Ahh…the life of…Down Syndrum Sister

In the past week, Annabelle has talked about (and, I’m guessing, thought about) Down syndrome more than she has in her entire 7 and a half years.

The science fair project is due tomorrow (don’t ask if we’re done — though we are finished with Sophie’s rock collection, entitled “Sophie Rocks”) so I’m guessing the conversation will slow after that.

It doesn’t bother me, but it is a little exhausting.

It’s fascinating, watching her process it. I don’t know how the “final report” will turn out for the science fair, but last night Annabelle worked on a drawing — a family portrait — entitled, “Ahh…the life of…Down Syndrum Sister.”

It depicts the four of us, lined up on a ski slope (Annabelle and Ray went for her first time recently). Annabelle’s saying (I’ve corrected spelling here), “Wow! Steep!”, I’m giving her advice (as I don’t ski): “Keep it steady,” and Ray’s warning, “Be careful.” Sophie’s at the end, clearly about to fall, yelling, “Mom! Dad! Help! Help!”

Here’s the drawing:

sister

I gently suggested it might not be appropriate for the science fair. (What IS appropriate? Annabelle wants to include a picture of Sophie. I think it’s ok if it’s not front and center, but tucked away a bit. We’ll see how things fall out tonight.) So she addressed it to Sophie and left it in her room for her.

This morning at breakfast, Annabelle casually mentioned that a lot of “people” (translation: kids at school) think Sophie is a midget. We talked for a while — she said that didn’t bother her at all — and Annabelle read a new kid book on DS (this was the worst so far — the author purports that Down syndrome occurs when you have “an extra gene”) and then Annabelle looked a little exhausted herself. It was clearly time for a break, and she gave herself one.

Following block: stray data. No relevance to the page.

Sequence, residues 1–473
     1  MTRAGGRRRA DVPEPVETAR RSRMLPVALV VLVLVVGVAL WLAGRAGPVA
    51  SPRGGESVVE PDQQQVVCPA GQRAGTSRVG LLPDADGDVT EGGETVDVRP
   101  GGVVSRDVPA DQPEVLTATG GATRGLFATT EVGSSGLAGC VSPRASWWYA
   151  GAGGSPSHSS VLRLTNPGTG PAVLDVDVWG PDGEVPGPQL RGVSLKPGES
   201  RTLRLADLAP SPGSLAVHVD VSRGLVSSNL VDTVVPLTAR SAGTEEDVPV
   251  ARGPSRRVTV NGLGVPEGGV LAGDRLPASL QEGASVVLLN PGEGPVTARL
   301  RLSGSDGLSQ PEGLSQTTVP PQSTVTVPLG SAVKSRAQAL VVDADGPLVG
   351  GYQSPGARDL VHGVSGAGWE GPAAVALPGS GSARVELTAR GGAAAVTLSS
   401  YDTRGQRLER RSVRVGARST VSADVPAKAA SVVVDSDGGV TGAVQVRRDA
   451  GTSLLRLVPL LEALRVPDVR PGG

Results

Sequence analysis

She and Sophie started tickling each other, cracking themselves up, and Annabelle had one more comment to make on the heavy subject: “She sure is different but she still is ticklish.”

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One response to “Ahh…the life of…Down Syndrum Sister

  1. I guess 7 1/2 must be the age when it really begins to sink in. At my 2nd grader Laurie’s school they were discussing bullying. Laurie said she raised her hand and said that she was afraid kids would make fun of her sister Kayla and think Kayla’s stupid and doing weird stuff on purpose when she can’t help it because Kayla has Down syndrome and autism. I really didn’t realize that it was something that was on Laurie’s mind.

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